The Fire Nation was primarily influenced by Japan, although the creators were aware that they did not want to present the idea of Japan as the “bad guys.” They instead incorporated other Asian influences (such as Chinese clothing and architecture) for the Fire Nation and made it clear that although Ozai, Azula and other senior Fire Nation figures are evil or corrupt, the people of the Fire Nation themselves are the same mixture as any other group in the world. The Earth Kingdom was also based on Chinese influences, particularly the Great Wall for the massive defences around Ba Sing Se and the Forbidden City in Beijing for the Earth King’s palace. The Air Nomads incorporated Buddhist and Tibetan influences, whilst the Water Tribes were based on both the Inuit of Canada and Greenland and the Sirenik of far eastern Siberia.

The show’s emphasis on Buddhist philosophy and Eastern martial arts allowed the creators to incorporate action but also avoid killing; in Avatar’s 61-episode run, only eight people are ever shown to definitively die (although some off-screen fatalities are likely to have happened).

Other influences included the Studio Ghibli films of Hayao Miyazaki, particularly the influence of spirits (inspired by Spirited Away) and the idea of a living creature as a main "vehicle", with Appa inspired by the Catbus of My Neighbour Totoro.

Although DiMartino and Konietzko created the show and served as executive producers, they left much of the day-to-day direction of the show to Aaron Ehasz, who developed some of the fine detail of the world and how it worked. Dave Filoni also proved instrumental in the development of the show’s look and style in the first season, before he left to work on Lucasfilm’s Star Wars: The Clone Wars CG show.

The original plan was for the show to last for three seasons and DiMartino and Konietzko developed a fairly detailed bible and story arc, with characters such as Toph and Azula always on the drawing board. However, the original plan for Toph was a tough adult male character who’d have trouble fitting into the group. It was Ehasz who changed the idea to a young blind girl, a notion which was enthusiastically adopted.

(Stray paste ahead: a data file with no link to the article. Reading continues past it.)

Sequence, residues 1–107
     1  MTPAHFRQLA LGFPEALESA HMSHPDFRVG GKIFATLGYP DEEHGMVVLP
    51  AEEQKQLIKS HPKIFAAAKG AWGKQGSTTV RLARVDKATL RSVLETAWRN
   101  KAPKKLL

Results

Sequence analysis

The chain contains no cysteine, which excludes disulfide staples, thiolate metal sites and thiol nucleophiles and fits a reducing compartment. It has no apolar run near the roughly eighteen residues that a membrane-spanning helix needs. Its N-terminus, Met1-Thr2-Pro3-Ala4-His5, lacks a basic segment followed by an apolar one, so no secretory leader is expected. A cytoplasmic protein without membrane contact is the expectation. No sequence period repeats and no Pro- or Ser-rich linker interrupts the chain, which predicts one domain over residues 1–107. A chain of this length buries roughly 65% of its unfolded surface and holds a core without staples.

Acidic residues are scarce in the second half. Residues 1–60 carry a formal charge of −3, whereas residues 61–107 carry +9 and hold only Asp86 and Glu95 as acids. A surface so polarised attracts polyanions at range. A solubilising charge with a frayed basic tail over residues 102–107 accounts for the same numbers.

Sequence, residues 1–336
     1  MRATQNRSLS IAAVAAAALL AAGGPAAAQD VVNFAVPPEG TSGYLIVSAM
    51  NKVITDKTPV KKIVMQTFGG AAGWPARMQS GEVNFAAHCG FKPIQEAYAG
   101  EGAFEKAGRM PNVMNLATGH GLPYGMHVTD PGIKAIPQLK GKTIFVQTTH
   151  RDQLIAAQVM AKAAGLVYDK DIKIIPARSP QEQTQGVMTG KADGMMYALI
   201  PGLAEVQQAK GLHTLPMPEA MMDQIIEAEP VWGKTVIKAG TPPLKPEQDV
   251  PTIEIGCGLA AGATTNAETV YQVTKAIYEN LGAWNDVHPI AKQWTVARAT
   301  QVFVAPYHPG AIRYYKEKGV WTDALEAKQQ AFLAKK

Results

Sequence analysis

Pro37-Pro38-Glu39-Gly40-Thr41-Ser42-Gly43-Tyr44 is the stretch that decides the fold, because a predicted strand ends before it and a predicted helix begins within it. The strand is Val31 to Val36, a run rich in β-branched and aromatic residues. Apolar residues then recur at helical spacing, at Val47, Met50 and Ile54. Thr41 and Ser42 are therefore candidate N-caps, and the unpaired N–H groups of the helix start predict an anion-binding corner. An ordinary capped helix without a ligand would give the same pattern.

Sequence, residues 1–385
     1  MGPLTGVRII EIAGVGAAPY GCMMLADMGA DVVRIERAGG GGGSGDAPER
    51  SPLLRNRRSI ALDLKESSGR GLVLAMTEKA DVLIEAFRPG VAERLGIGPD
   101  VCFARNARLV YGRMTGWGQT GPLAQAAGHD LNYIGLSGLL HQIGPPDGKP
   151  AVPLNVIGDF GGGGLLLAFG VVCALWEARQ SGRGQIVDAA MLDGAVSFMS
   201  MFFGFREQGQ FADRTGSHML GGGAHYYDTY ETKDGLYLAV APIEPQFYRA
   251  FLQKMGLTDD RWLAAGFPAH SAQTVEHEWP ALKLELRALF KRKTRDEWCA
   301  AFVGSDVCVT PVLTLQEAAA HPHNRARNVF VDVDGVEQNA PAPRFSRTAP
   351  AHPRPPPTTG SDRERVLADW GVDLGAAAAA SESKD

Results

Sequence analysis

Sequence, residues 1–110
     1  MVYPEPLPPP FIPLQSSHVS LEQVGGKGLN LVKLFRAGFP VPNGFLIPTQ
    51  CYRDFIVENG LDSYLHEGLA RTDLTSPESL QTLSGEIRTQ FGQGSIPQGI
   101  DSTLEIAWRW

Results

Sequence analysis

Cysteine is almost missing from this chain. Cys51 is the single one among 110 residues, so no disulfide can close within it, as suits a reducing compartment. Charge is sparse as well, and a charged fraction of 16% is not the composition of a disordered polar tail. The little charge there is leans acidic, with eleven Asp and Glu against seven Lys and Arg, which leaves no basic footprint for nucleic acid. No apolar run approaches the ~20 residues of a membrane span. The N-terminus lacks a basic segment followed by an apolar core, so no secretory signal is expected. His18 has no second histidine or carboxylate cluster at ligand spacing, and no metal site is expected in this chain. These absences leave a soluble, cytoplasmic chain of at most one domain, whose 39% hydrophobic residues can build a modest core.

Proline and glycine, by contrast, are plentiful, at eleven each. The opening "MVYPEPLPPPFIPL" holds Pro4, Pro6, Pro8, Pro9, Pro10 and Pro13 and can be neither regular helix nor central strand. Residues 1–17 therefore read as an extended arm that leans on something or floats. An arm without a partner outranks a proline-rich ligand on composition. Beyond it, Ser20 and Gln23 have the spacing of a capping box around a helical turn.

In 2007 the show was optioned as a live-action film project and DiMartino and Konietzko took time out to work on that project with director M. Night Shyamalan. During this period Nickelodeon requested a pitch for a fourth season, so Ehasz developed a storyline focusing on Aang dealing with the aftermath of the discovery of “energybending” in the series finale, the search for Zuko’s mother and a redemption arc for Azula. However, after further consideration it was decided this might be anticlimactic after the final showdown with the Fire Lord and the original plan to end the show after Season 3 was left in place.

The show was a huge international hit, garnering an enthusiastic fanbase of both children and adults, including Serena Williams, who got so heavily into the show that she ended up tweeting about a possible contradiction in the lore.

With the live-action film an unmitigated failure, DiMartino and Konietzko worked with Nickelodeon on a sequel concept, which became The Legend of Korra. The show was originally conceived as a one-off mini-series for the 2012 season, but when Nickelodeon renewed the show for several seasons, it left the team scrambling to come up with new material (explaining the rushed and disappointing second season, before the far superior final two seasons). Ehasz was not available to work on the series, having moved to Riot Studios to work on video games. Ehasz later founded his own animation company, Wonderstorm, and joined forces with Netflix to produce a new fantasy animated series, The Dragon Prince.

In late 2018 it was announced that Netflix would be producing a live-action reboot of the entire Avatar: The Last Airbender series, with DiMartino and Konietzko attached to write and produce the series. The show is expected to start shooting in February 2020 to debut in early 2021. The future for the Avatarverse looks bright, at least for now.

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1 comment:

Estefy said...

Very helpful and complete, I just finished re-watching the hole animated serie Avatar: The Last Airbender and I wanted to know what happened next and if it's worth watching The Legend of Korra. Thanks for this detailed post.